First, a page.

In litigation and in disputed transactional work, it is the clients, not the lawyers, who are adverse. Some litigation and transactional documents and arguments, however, seem to suggest otherwise. They are phrased in personal terms, as though the dispute was all about the lawyers.
We all have received letters from lawyers improperly referring to us personally, such as, “your position has no merit.” In court, we hear improper personal references like, “Plaintiff’s counsel Mr. Doe is quite wrong when he contends …” or “Defense counsel Ms. Roe would like to escape the contract’s effect but she cannot because … .” Such ad hominem references hurt the cause of the lawyer’s client. They misdirect the focus away from the issue at hand towards the lawyers. They betray an immature and undignified inability to be objective and not to take things personally. They are a tacit admission that the opposing lawyer made a good point and struck a raw nerve. They are code for a lack of confidence about the argument being made. They are unprofessional and uncivil.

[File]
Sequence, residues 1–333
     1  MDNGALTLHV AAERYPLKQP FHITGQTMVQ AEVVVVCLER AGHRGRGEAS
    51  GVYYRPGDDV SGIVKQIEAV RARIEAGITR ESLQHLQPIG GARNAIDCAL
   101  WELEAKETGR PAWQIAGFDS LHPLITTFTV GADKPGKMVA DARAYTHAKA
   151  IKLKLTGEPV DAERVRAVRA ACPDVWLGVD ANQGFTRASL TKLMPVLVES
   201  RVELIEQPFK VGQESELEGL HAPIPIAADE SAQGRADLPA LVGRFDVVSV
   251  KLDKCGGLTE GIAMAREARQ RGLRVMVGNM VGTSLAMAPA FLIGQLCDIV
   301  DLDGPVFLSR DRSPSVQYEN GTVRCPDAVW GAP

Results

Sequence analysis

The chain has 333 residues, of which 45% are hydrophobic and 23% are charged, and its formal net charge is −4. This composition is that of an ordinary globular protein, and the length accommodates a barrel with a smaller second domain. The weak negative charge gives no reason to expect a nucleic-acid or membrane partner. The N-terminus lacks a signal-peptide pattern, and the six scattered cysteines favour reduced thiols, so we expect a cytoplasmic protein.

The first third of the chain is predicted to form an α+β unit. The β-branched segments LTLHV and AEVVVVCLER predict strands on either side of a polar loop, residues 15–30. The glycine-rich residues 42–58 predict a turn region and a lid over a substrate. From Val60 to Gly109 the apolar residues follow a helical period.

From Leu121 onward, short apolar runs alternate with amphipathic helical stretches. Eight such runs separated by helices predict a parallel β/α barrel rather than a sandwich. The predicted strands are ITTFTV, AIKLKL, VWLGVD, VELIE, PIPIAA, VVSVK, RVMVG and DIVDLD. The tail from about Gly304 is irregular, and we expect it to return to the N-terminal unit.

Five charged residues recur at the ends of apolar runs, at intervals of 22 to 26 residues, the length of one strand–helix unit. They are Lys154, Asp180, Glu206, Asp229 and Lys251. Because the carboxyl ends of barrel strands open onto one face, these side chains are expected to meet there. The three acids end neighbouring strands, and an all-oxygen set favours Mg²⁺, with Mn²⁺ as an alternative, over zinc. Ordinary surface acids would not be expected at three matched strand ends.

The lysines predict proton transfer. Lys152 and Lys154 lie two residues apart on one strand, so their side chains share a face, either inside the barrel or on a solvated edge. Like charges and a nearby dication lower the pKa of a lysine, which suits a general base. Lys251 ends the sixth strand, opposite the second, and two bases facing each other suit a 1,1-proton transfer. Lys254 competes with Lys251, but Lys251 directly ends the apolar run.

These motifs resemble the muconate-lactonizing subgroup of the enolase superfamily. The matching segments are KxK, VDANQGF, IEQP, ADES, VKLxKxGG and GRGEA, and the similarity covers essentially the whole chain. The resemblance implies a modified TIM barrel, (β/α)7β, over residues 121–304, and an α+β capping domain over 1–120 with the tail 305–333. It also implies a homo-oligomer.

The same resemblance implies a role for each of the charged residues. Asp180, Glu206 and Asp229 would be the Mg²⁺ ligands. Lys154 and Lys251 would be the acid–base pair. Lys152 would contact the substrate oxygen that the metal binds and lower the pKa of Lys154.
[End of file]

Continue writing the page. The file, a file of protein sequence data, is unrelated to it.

Referring personally to oneself has the same undesirable effect. “I believe that … .” Or, “My research shows that … .” Or, worst of all, “If I were you I’d … .”
Let’s keep our eye on the ball. It is the client’s interests we are duty bound to advance. Poking at the other lawyer personally and communicating in the first person do not help the client and in fact make things worse for the client.
Depersonalize. Target arguments at the opposing party, not at the opposing lawyer. The advocacy will be more focused, mature, dignified, confident, professional, and civil—and best of all, more persuasive—all to the client’s benefit.
Johnson, Killen & Seiler, PA